Academic journal article Canadian Review of Social Policy

Motherhood and Unemployment: Intersectional Experiences from Canada

Academic journal article Canadian Review of Social Policy

Motherhood and Unemployment: Intersectional Experiences from Canada

Article excerpt


When workers become unemployed in Canada, there is an expectation that they will be able to access unemployed workers' support because they have paid into the federal Employment Insurance (EI) program while employed. However, this is not the case for many workers since the policy change in 1996 from Unemployment Insurance (UI) to EI. This change included stricter rules and regulations, notably in relation to the number of hours worked during the previous 52 weeks that are required to obtain supports (MacDonald 2009a, 2009b). However, the policy change did not affect all workers in Canada to the same degree. Those most impacted by the changes are workers from lower socioeconomic levels-especially women, because of their traditional family role as mothers (McGregor 2004; Nichols, 2014a, 2014 b; Silver, Wilson, & Shields, 2004; Silver, Shields, Wilson, & Scholtz, 2005). The demands of motherhood make it more complicated for women to access and remain continuously in the labour market (Nichols 2014a, 2014b; Shields, Silver, & Wilson, 2006; Silver, Shields, Wilson, & Scholtz, 2005; Townson & Hayes, 2007).

The impacts of increasingly underfunded and deregulated childcare programs in Canada have yet to be fully assessed, but it is likely that they will deepen existing inequalities in the labour market (Mikkonen & Raphael, 2010). One potential effect is that women will become permanent losers in the workforce due to their traditional connection to child rearing. As Krahn et al. (2008) argue, a past employment record of marginal jobs can create barriers to accessing the primary labour market because of the common belief that the worker has unstable work habits. These barriers imply that to address the needs of their growing families, women will need to take on precarious employment with the potential threat of having to remain permanently in the secondary labour market.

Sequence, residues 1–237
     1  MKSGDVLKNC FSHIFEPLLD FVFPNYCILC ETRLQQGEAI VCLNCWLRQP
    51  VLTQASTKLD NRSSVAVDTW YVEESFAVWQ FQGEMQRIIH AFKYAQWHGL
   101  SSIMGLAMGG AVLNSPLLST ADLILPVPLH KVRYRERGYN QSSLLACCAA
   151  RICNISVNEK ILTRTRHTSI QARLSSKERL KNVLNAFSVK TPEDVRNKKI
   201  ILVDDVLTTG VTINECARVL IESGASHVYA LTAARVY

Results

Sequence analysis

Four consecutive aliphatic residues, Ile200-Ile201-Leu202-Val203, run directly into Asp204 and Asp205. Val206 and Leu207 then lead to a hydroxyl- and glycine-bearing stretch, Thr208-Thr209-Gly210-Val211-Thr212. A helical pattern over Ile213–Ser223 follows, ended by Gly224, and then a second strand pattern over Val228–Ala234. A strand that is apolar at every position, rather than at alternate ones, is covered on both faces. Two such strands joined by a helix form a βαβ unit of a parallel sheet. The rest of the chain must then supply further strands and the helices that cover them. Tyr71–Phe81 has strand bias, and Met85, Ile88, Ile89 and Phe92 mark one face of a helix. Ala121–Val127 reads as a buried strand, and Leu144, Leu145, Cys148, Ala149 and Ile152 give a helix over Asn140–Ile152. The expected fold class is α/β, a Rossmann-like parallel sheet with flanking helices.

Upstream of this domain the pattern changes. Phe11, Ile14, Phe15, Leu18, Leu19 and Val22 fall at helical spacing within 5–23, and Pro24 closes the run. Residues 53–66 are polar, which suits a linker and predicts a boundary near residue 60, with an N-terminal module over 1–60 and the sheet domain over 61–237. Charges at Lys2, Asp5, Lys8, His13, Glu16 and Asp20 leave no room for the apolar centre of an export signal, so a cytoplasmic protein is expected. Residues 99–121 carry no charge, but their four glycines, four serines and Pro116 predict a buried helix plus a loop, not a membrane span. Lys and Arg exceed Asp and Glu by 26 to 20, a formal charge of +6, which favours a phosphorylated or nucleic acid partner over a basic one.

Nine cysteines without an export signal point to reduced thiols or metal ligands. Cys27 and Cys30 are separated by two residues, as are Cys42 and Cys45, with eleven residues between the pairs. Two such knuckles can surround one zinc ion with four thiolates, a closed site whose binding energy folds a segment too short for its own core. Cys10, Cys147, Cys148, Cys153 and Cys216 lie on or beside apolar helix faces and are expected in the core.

Not everyone is impacted to the same degree by these challenges. Some workers experience more inequalities as a result of their varying intersecting identities related to gender, motherhood, marital status, socioeconomic status, age, race, and immigrant status. The interconnections among these identities must be considered in order to fully understand the barriers that women, especially mothers, face in the labour market. Based on interviews conducted with 26 unemployed women in two Canadian cities in 2013, this paper applies an intersectional analysis to explore these varying identities and their impacts on women's employment within existing social conditions and government policies. The data collected underline the failure of current government policies to support women's need for economic self-sufficiency and to rectify social and legal inequalities that marginalize women in the work force, pointing to a need for significant policy changes.

Women's Employment

Despite the relative lack of change in gender roles and the household division of labour, more women are working in Canada today than 35 years ago, although they often work in nonstandard part-time employment. In 2013, 58.3% of Canadian women and 67.6% of Canadian men who desired to work were employed (Statistics Canada 2014), compared to 41.9% of women and 72.7% of men in 1976 (Ferraro 2010). Despite this increase in women's employment, few women are able to obtain unemployment supports if they lose their employment (Townson & Hayes, 2007).

Dominant social-policy paradigms that suggest that men are the breadwinners and women are the child caregivers are reinforced in labour markets and influence the types of jobs women can hold (Peck, 1996). Women have historically only had access to jobs typically perceived as "female," such as teaching and care-related work (Gordon, Edwards, & Reich, 1982; Kershaw, 2004). Labour markets must therefore be seen as socially constructed and segmented in such a way that women are slotted into jobs in the secondary sector that are characterized by low wages and high insecurity (Krahn et al. …

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